Biden administration takes on JetBlue as its fight against industry consolidation goes to court


The Biden administration’s fight against consolidation in the airline industry will be tested Tuesday with lawyers for JetBlue Airways and the Justice Department squaring off in court.

The administration is suing to block JetBlue’s proposed $3.8 billion acquisition of Spirit Airlines. The trial in federal district court in Boston could reshape the market for low-cost airlines — Spirit is by far the nation’s biggest budget carrier, and it will disappear if JetBlue wins the case.

The Justice Department is fresh off victory in a previous lawsuit that killed a partnership between JetBlue and American Airlines.

JetBlue isn’t exactly the sort of behemoth that comes to mind when imagining a defendant in an antitrust case. It is the sixth-largest U.S. airline by revenue, and it is trying to buy the seventh-biggest. If it swallows Spirit, JetBlue will leapfrog Alaska Airlines but still control less than 10% of the U.S. air-travel market. It would remain far smaller than American, United, Delta or Southwest.

But if JetBlue gets its way, it will grow its fleet about 70%, repaint Spirit’s yellow planes and make them less cramped inside.

The New York carrier argues that it needs Spirit to bulk up and compete better against the bigger airlines. JetBlue touts itself as “one of the most disruptive and innovative companies in the history of the airline industry,” and says it can bring down fares if it can go head-to-head against the Big Four on more routes.

The Justice Department argues, however, that Spirit is the disruptive force that needs to be protected.

“Consumers are better off with an independent Spirit, not a JetBlue intent on removing seats from planes and charging higher fares,” government lawyers argued in their pre-trial brief. They say the harm will fall hardest on cost-conscious consumers.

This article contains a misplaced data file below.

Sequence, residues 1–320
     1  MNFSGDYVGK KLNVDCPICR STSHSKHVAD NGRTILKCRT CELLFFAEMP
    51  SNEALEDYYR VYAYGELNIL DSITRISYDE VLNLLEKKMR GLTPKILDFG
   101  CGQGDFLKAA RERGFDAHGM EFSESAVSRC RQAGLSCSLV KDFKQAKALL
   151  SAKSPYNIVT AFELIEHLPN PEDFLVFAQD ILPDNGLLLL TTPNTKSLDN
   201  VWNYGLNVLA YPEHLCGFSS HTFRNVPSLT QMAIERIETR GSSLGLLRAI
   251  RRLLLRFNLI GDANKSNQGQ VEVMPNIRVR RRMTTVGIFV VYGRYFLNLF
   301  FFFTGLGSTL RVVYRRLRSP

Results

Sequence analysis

JetBlue says the vacuum left by Spirit would be filled by growth from other discount airlines. The Justice Department says that is unlikely because all airlines, including the budget carriers, face limits to growth including shortages of planes and pilots.

Spirit, which is based in Miramar, Florida, is known as an “ultra-low-cost carrier,” the name given to airlines that tout rock-bottom fares but make up for it by charging high fees for things like checking a bag or carrying one on board. Spirit even charges for soft drinks. Personal-finance site Nerdwallet said passengers should expect to pay $137 in fees on a typical one-way flight, compared with $35 or less at the bigger airlines – including JetBlue.

This isn’t the first time that the government has challenged an airline merger. In 2013, regulators sued to stop the merger of American Airlines and US Airways. The deal, which created the world’s biggest carrier, went through without a trial, however, after the airlines agreed to give up some gates and takeoff and landing rights at seven major airports.

JetBlue tried that strategy: It offered to divest gates and landing and takeoff rights and gates in Boston, the New York City area and Fort Lauderdale, Florida, to Frontier and Allegiant. The government scoffed at the offer, saying those discount carriers have pledged to fly the same routes that Spirit flies now.

The Biden administration may be having remorse for mergers that the Obama administration allowed to go through and which eliminated Northwest, Continental, US Airways and AirTran as competitors to the four largest U.S. airlines. Before the current case, the Justice Department sued to quash a JetBlue-American partnership in which they shared revenue from flights in New York and Boston.

Tuesday’s trial is taking place in the same Boston courthouse where the Justice Department prevailed against JetBlue and American, but the case will be heard by a different judge.

Shares of JetBlue Airways Corp. tumbled before Tuesday’s opening bell after the company reported losses much wider than had been expected, citing the rising cost of fuel and a streak of bad weather. JetBlue lost $153 million, or an adjusted per share loss of 39 cents. That was 12 cents worse per share than Wall Street had expected, and revenue fell short as well.

Shares fell nearly 8%.

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